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Want To Know How Long After Probate To Sell House? Read

A majority of estate holders in Canada do not know how long after probate to sell a house. We do not blame them; the law is indeed a bit confusing when selling a house after probate. Are you also someone who is wondering how long after probate can I sell a house? Let us hold your hand through this. 

What is probate, and why do you need it?

When a person dies devolving his estate to the heirs, the family that manages the estate of the deceased person needs to acquire probate to sell the estate’s immovable asset. The grant of probate by the probate court is an important step to sell the property. 

But probate sales mean that it can take a lot of time to sell the home. Can you speed up the process? Yes, you can! Let us tell you how.

Probate is nothing but an application to the Surrogate Court that seeks an order that the will in question is the last and the final will of the deceased person. The order also seeks to make clear that the beneficiaries mentioned therein. 

Until the court issues probate, no one can affect the sale of the home. Probating an estate can take anywhere between two and four months. 

What is the scenario when there is no Will written by the deceased?

If a person in Canada dies without writing a will, the process of estate planning is similar to getting probate. The legal jargon for the court’s written permission to alienate property in case of an absence of a will is ‘letters of administration.’

How long before you can sell a home of the deceased?

Once probate or Letter of Administration is granted from the Surrogate Court, the deceased’s property can be alienated by the people on whom the estate has devolved by way of inheritance or by way of a will. However, there are some ways that the property can be sold without either of the two permissions from the court. You must consult real estate lawyers before considering alienating or transferring property to a third person without officially receiving probate and/or letter of administration.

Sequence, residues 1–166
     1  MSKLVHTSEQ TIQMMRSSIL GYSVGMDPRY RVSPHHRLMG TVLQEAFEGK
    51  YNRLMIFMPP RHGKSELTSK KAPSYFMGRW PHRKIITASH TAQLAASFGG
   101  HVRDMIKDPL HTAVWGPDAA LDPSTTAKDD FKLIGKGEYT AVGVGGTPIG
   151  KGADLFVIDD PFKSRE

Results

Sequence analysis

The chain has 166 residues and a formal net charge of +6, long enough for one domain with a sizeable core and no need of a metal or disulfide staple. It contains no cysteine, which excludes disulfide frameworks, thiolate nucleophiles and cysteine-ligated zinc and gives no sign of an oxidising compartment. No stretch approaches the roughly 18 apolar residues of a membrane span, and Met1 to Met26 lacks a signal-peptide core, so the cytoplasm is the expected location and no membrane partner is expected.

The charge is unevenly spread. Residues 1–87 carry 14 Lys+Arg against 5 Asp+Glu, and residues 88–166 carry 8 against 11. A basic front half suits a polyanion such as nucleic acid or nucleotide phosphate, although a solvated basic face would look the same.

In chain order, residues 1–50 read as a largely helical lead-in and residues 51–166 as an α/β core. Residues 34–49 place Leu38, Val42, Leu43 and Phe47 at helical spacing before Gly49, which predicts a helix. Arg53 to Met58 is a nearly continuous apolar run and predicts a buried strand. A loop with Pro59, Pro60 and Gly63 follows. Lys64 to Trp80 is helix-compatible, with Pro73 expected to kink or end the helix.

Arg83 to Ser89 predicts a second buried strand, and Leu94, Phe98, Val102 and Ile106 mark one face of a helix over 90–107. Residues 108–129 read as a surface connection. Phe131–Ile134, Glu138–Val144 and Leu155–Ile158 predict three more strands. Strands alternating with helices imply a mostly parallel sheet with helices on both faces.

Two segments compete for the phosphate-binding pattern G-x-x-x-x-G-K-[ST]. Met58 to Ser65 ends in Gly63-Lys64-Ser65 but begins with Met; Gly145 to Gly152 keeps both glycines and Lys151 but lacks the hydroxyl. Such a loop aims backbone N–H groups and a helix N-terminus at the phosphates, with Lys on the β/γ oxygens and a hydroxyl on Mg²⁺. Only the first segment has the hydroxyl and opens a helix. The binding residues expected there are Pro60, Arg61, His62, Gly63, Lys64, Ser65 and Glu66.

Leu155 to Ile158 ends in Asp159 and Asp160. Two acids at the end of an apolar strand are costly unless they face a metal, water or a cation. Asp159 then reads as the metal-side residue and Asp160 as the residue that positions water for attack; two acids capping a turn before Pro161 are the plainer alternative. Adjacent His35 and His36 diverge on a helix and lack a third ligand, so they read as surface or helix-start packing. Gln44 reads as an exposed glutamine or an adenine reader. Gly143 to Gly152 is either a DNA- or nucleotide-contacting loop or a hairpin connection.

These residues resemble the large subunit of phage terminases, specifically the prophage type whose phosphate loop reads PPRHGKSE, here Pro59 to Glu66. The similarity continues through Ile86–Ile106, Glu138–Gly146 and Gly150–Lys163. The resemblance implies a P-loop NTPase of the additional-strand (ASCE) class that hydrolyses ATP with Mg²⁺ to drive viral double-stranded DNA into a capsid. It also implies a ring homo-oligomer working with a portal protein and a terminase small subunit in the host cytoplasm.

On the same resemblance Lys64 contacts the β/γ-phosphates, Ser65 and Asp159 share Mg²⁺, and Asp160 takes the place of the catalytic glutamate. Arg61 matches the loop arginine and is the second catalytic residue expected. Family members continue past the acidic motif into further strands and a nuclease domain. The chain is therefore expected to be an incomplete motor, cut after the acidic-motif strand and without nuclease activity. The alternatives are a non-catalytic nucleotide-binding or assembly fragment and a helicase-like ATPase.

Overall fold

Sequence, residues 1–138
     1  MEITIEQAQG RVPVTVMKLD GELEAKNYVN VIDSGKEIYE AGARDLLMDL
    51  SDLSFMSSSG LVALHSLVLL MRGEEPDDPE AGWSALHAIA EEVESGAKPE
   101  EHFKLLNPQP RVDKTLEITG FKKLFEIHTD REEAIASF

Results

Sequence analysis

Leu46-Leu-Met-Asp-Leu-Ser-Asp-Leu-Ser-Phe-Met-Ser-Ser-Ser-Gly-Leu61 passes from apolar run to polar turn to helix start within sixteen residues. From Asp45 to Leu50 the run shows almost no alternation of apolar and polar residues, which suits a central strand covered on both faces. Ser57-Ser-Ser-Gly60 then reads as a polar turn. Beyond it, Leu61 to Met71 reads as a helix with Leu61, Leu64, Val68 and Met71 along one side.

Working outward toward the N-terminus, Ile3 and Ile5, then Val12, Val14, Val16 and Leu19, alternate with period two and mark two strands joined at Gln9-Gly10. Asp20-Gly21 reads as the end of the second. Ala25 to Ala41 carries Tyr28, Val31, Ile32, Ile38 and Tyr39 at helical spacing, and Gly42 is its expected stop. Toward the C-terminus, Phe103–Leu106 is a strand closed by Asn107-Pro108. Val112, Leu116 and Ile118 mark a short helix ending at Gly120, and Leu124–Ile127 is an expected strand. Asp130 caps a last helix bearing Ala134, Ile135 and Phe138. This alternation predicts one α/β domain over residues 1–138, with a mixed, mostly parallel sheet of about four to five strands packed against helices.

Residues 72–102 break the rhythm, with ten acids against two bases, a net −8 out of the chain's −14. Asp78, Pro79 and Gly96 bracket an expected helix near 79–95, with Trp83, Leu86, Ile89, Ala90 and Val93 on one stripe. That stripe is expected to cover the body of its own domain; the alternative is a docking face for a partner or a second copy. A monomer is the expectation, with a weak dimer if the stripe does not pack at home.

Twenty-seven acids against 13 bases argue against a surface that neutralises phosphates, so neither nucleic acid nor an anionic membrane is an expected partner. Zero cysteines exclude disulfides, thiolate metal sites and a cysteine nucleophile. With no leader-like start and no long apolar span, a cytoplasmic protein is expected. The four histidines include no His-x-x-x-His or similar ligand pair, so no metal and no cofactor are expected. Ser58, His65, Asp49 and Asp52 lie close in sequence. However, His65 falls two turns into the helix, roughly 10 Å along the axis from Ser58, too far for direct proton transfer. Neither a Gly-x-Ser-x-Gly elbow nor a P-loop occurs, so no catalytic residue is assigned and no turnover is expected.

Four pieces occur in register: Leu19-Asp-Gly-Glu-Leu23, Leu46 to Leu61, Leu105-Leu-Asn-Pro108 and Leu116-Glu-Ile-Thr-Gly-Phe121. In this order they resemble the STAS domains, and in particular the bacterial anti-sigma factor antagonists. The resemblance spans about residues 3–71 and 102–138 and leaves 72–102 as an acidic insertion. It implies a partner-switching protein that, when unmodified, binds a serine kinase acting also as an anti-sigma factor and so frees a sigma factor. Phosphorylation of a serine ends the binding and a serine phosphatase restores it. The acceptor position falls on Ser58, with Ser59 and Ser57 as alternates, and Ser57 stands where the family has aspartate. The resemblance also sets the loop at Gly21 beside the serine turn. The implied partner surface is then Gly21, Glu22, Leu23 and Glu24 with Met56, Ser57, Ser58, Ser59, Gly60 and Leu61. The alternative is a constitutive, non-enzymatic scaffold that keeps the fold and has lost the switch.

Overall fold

Why is there a need to sell the home before the grant of probate?

When a person dies leaving behind his estate, the executioner or the personal representative carries the duty to protect it from all sources of liabilities 

The liabilities usually include:

– An insurance policy

– Maintenance of the estate 

– Burden on the estate like mortgages, fees, etc.,

With costs mounting, it is natural that the first thing that an executor wants is to contact a real estate agent to begin listing the home so that it sells as quickly as possible.

What are the risks if the process of selling begins before probate?

If an heir has transferred the property before probate has been granted to him, there is the likelihood that he may have to face the music. The liability will also extend to the real estate agent who has been complicit in such sales. 

The risks are:

– Surfacing of newer will;

– Conditions in the will;

– Separate contract/dower rights that supersede the will;

– One of the persons named in the will wish to receive peremptory rights on the sale of the property in lieu of his/her share of asset in the estate; and 

– The person trying to sell has no right.

People who want to sell a house before probate must consult a lawyer to understand the risks.

Here is how you can sell the property before probate subject to the risks mentioned above:

  1. Limited Grant Of Probate

As the name suggests, the grant is limited to only the sale of the home. The estate must further apply for the complete grant of probate to distribute the proceeds from the sale. Limited grant of probate is the fastest way to secure probate. The executor can sell the home within 30 days. 

  1. Conditional contract:

A conditional contract for sale pertaining to the grant of probate by the court can be drawn. The condition must explicitly state that the contract to sell would be null and void in the absence of the probate.

  1. Tenancy At Will

The buyer of the home moves in without any registered transfer of land. The buyer pays rent to the estate till the time the court is satisfied and grants probate. 

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